10 things I learned from 10 days of Silence

10 things I learned from 10 days of Silence

A hankering to experience a prolonged period of meditation combined with a desire to visit its birthplace had me attending my first Vipassana course in Bangalore, India.

For 10 days I was disconnected from the outside world, no phone or no wi-fi.  For the chance to go into a deep internal connection I gave up all forms of mental distraction.  No reading or writing.  No rituals or rites. I also took a vow of ‘noble silence’.  This meant no talking, no sign language, no eye contact, no smiling or acknowledging anyone in anyway… nothing.  If I had questions regarding the mediation practice I could speak to the teacher.  Any other concerns I could take to the volunteer helpers.

I was challenged enormously.  I had moments of fear, resistance, emotional and physical pain.  But there was also plenty of joy, gratitude and a sense of deep connection and love.

Here’s what I learnt

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1. I discovered that I have a deep rooted compulsion to complain.  I was shocked at how negative the little voice inside me was.  I know that if I had been able to speak, I would’ve shared my complaints and listened to other peoples complaints.  Which I believe would’ve fed and multiplied the negativity.  I accept that I was way out of my comfort zone, jet lagged and stressed to start with, but I also recognise this response as habitual and one that I am quite happy to let go of.

On day 6 we lost electricity to the living quarters after a thunder storm.  The generator blew out
and was not able to be repaired. No one said a word, literally. We just all got on with it.  After all we just needed enough light to bathe (cold water and bucket) and brush teeth  by.  No phones to charge or books to read.  Just sleep.  Mercifully the weather cooled so the endless requirements for ceiling fans stopped.  There was no stress fuelled by complaints and demands, just acceptance and equanimity instead.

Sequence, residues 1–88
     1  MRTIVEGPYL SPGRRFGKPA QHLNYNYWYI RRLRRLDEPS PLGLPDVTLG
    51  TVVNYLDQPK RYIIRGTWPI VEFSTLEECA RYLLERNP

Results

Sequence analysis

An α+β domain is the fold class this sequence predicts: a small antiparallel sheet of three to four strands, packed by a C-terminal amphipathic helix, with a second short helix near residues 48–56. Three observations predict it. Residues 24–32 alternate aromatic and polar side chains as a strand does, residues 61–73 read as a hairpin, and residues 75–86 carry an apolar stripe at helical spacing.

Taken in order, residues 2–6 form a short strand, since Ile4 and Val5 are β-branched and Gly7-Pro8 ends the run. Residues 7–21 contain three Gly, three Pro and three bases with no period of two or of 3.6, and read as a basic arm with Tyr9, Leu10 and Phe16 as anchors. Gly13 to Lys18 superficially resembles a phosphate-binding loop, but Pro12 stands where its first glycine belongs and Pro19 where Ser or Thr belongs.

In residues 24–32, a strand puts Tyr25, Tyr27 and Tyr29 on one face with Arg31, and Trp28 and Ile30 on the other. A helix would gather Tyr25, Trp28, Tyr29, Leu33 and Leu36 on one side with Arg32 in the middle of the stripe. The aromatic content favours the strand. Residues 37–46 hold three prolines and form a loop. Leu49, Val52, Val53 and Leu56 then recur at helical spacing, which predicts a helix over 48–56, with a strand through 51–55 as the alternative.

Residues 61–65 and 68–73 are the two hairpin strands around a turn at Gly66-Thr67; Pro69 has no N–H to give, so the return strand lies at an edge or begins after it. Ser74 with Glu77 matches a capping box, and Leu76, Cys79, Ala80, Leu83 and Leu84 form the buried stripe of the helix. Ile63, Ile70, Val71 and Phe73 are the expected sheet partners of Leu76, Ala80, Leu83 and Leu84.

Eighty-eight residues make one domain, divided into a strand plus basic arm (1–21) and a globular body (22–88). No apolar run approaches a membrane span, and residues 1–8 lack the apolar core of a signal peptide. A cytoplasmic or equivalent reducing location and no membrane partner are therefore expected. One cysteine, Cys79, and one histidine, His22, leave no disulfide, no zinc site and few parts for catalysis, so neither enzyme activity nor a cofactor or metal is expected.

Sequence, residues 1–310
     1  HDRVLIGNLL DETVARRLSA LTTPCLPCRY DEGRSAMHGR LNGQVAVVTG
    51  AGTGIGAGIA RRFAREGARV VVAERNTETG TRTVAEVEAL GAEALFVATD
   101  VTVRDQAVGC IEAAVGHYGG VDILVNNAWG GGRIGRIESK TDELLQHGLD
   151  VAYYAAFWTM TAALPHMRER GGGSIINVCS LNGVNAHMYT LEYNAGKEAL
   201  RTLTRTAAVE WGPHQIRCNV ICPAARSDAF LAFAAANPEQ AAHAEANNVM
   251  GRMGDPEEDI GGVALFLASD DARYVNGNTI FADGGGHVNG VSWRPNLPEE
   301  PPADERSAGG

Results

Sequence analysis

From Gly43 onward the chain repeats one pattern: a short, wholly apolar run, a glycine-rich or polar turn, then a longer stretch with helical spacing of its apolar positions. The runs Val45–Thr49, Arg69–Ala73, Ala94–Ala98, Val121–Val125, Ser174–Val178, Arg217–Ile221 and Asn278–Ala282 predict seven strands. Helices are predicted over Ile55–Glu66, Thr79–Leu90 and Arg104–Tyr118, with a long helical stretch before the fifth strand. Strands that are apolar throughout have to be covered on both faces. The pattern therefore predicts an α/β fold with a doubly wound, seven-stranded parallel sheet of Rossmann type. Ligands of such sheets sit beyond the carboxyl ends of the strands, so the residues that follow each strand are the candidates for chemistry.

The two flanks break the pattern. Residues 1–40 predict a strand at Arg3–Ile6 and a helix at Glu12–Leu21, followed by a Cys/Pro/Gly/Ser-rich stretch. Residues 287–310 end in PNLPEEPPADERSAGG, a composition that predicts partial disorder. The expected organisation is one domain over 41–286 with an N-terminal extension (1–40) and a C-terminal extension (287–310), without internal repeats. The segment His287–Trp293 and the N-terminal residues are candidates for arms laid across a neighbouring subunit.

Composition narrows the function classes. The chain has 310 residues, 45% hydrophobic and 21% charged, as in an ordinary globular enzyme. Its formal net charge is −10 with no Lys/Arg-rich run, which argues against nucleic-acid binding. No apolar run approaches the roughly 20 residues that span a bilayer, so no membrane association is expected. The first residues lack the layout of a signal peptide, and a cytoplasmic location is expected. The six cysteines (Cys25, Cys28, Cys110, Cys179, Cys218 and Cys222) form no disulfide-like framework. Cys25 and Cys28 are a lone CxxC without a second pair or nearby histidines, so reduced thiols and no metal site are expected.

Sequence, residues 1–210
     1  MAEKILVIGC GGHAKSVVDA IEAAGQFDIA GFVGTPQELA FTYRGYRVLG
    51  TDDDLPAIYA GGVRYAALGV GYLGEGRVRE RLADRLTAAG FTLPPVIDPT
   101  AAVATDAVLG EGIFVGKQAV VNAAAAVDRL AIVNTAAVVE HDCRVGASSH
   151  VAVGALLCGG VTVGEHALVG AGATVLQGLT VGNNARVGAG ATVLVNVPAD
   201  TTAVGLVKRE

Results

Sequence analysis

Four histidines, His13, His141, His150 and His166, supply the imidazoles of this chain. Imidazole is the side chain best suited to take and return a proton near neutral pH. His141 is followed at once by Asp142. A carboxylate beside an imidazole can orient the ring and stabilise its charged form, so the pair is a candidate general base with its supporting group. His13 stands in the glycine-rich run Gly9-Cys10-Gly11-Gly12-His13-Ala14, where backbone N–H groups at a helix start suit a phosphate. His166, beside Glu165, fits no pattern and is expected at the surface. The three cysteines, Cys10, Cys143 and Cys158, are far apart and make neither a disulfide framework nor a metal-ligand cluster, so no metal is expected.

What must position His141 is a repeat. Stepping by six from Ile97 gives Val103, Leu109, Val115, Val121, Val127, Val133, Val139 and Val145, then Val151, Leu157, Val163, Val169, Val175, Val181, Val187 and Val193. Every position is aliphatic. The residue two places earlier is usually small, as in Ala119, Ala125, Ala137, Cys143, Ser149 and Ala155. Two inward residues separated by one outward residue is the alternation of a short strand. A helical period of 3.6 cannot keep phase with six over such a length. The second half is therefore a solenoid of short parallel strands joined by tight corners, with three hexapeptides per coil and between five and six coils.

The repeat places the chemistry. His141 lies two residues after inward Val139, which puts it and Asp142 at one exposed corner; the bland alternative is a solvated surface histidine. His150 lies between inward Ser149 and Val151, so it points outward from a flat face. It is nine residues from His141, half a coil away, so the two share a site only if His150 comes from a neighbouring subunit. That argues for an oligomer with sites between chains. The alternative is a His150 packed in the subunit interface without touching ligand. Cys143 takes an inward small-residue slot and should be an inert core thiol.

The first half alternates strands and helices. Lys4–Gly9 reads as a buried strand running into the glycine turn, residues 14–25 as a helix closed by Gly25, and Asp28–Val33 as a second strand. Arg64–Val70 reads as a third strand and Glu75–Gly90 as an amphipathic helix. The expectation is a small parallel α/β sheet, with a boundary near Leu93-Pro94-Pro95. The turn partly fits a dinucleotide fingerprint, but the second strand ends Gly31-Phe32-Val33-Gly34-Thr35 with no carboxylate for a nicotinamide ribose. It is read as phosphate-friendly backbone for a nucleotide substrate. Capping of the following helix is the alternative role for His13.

IMG_15392. It can be a relief to just be and not to have to engage with other people.  I discovered that even though we were speaking English, my accent made it very difficult for others to understand me and vice versa.  So I honestly was happy to let go of making small talk and just be with myself.

3. I stopped worrying about being judged.  I was aware of not wanting to offend anyone, trying desperately to be culturally aware and sensitive.  I knew there were social niceties around eating with a particular hand, but which one?  What do you do without toilet paper?  How much skin is it ok to show?  Do I look like I’m trying too hard wearing my scarf like a local?  It took a day or two for me to relax and I then realised that I let go of the fear of being judged.  If no one could speak,  then no one could criticise me. Of course I was never being judged, later many of the woman said they were worried for me and hoped that I was ok with the strange food etc.

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4. I missed laughter so much!  A couple of days into the retreat I realised that I hadn’t laughed for days and that so much of my happiness comes from the banter with my boys and sharing time with my family and friends. No laughter for days felt wrong and I really missed it.